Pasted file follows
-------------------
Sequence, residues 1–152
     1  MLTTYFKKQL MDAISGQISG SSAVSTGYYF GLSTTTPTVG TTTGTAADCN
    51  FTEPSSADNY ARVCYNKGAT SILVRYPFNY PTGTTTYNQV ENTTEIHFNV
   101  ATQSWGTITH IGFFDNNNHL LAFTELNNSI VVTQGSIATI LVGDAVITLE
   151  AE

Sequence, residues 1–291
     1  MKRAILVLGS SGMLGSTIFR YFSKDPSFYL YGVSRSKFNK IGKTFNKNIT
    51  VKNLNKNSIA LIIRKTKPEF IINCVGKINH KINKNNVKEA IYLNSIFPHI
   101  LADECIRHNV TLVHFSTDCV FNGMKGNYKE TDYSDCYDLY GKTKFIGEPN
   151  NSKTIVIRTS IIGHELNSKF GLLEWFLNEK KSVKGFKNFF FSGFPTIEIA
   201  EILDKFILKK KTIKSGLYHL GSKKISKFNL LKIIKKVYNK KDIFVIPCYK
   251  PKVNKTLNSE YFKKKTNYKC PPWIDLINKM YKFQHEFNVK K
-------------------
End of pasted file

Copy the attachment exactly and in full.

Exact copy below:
Sequence, residues 1–152
     1  MLTTYFKKQL MDAISGQISG SSAVSTGYYF GLSTTTPTVG TTTGTAADCN
    51  FTEPSSADNY ARVCYNKGAT SILVRYPFNY PTGTTTYNQV ENTTEIHFNV
   101  ATQSWGTITH IGFFDNNNHL LAFTELNNSI VVTQGSIATI LVGDAVITLE
   151  AE

Sequence, residues 1–291
     1  MKRAILVLGS SGMLGSTIFR YFSKDPSFYL YGVSRSKFNK IGKTFNKNIT
    51  VKNLNKNSIA LIIRKTKPEF IINCVGKINH KINKNNVKEA IYLNSIFPHI
   101  LADECIRHNV TLVHFSTDCV FNGMKGNYKE TDYSDCYDLY GKTKFIGEPN
   151  NSKTIVIRTS IIGHELNSKF GLLEWFLNEK KSVKGFKNFF FSGFPTIEIA
   201  EILDKFILKK KTIKSGLYHL GSKKISKFNL LKIIKKVYNK KDIFVIPCYK
   251  PKVNKTLNSE YFKKKTNYKC PPWIDLINKM YKFQHEFNVK K